However, while proceeding with the reconnaissance along Mipingo village but moving towards Mnyangara village and later on, wanted to reach Lipogiro plateau, stone tools were spotted on heaps of sand and gravel accumulated by construction workers from Lindi Rural District (see Figure 15). According to an informant, a driver with road works department, Lindi Rural District, they were mined four kilometers or so after Mnyangara village along Lipogiro plateau. The place is towards Tendaguru and the team could not travel beyond the point because heaps of sand were left on the road for a long distance at a place with no route to diverge. The place is along a flood area with deep black clay soils. The materials were reported to have been dug deep in the sub-surface. They represent an anvil, a chopper and flakes. Raw materials included quartzites that dominated in the collected specimens.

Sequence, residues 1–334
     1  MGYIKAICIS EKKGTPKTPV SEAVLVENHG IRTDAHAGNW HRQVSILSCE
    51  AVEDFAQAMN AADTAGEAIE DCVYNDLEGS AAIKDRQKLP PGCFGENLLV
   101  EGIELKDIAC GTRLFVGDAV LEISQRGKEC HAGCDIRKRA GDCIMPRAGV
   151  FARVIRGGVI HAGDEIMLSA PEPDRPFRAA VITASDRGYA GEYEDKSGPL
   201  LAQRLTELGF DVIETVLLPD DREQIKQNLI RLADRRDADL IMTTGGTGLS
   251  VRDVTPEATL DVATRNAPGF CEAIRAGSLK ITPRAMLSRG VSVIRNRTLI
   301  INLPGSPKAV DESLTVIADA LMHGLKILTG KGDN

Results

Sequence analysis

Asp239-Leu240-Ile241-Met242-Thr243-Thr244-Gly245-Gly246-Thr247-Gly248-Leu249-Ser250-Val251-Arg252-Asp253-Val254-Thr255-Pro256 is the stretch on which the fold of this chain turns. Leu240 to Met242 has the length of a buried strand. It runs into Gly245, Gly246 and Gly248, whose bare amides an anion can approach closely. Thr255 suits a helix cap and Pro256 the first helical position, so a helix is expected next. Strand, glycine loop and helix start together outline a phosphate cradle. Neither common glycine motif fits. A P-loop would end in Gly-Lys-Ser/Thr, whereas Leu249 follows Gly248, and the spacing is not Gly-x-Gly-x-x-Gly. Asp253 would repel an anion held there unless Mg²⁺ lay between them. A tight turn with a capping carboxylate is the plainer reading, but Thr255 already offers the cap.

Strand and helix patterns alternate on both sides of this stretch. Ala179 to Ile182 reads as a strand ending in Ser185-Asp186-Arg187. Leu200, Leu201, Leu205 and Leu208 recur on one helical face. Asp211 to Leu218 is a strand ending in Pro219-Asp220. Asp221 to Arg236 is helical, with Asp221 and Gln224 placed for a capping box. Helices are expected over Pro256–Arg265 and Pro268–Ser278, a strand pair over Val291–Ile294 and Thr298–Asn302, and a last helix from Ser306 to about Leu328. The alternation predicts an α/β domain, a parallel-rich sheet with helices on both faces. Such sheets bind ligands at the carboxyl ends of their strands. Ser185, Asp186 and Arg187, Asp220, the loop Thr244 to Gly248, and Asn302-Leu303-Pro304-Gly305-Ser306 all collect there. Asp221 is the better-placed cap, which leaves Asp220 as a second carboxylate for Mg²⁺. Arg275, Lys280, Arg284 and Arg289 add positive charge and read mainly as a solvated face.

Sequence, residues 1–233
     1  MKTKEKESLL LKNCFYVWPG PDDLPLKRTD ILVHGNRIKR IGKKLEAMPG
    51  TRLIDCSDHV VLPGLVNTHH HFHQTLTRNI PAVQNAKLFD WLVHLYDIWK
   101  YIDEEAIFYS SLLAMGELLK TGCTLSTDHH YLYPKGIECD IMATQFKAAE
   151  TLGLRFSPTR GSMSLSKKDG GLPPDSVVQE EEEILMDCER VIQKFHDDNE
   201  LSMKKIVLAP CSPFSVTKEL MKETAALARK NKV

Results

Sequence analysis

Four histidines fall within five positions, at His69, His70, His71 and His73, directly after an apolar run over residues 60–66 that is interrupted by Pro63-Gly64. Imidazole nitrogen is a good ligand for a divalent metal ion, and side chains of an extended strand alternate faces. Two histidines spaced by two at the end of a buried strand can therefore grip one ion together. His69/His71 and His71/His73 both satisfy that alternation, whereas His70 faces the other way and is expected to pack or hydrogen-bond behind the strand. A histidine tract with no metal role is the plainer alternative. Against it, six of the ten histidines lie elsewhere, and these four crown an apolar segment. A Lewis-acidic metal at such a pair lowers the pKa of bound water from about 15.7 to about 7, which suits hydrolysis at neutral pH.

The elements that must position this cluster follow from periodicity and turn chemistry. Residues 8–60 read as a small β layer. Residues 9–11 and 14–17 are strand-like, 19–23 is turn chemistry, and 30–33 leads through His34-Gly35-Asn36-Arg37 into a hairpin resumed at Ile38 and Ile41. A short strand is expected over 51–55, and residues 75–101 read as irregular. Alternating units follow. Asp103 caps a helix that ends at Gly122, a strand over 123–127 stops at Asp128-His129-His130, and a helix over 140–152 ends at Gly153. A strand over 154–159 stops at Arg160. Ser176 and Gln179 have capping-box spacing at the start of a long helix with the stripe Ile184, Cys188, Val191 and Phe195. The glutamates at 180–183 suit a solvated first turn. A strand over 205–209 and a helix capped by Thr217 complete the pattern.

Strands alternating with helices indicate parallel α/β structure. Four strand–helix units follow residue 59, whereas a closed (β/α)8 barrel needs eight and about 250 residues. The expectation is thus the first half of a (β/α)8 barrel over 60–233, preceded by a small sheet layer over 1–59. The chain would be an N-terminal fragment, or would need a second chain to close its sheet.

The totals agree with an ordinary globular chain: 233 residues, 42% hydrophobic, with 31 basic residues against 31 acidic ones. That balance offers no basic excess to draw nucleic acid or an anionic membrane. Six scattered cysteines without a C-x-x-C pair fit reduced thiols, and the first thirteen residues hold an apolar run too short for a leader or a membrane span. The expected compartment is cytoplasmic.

Figure 11. Graves at Ngande Kubwa, a border between Namihodi and Mkambi hamlets.

Figure 12. Acheulian Stone Tools.

Figure 13. Middle stone artifacts.

Figure 14. Later Stone Artifacts. Legend: Microlithic Points (a-c), Utilized blades (d-e), Discoidal scrapers (f-g).

Legend: k - chopperLegend: h - chopper; and I, j - Hammerstones

Figure 15. Acheulian stone tools.